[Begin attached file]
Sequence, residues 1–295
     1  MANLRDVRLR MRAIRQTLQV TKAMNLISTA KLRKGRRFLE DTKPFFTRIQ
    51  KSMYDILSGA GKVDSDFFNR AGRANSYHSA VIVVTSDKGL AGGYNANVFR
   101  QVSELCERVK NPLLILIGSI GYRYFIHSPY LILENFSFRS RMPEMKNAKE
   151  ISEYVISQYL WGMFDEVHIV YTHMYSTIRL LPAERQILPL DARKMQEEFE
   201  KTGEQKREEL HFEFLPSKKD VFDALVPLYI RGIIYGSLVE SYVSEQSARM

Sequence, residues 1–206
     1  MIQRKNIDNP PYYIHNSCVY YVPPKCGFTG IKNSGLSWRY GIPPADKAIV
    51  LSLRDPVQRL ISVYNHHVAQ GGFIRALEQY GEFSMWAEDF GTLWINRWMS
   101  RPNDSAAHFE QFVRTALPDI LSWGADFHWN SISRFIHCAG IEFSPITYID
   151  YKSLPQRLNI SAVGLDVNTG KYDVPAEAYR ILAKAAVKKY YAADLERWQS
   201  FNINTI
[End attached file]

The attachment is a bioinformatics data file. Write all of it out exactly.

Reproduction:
Sequence, residues 1–295
     1  MANLRDVRLR MRAIRQTLQV TKAMNLISTA KLRKGRRFLE DTKPFFTRIQ
    51  KSMYDILSGA GKVDSDFFNR AGRANSYHSA VIVVTSDKGL AGGYNANVFR
   101  QVSELCERVK NPLLILIGSI GYRYFIHSPY LILENFSFRS RMPEMKNAKE
   151  ISEYVISQYL WGMFDEVHIV YTHMYSTIRL LPAERQILPL DARKMQEEFE
   201  KTGEQKREEL HFEFLPSKKD VFDALVPLYI RGIIYGSLVE SYVSEQSARM

Sequence, residues 1–206
     1  MIQRKNIDNP PYYIHNSCVY YVPPKCGFTG IKNSGLSWRY GIPPADKAIV
    51  LSLRDPVQRL ISVYNHHVAQ GGFIRALEQY GEFSMWAEDF GTLWINRWMS
   101  RPNDSAAHFE QFVRTALPDI LSWGADFHWN SISRFIHCAG IEFSPITYID
   151  YKSLPQRLNI SAVGLDVNTG KYDVPAEAYR ILAKAAVKKY YAADLERWQS
   201  FNINTI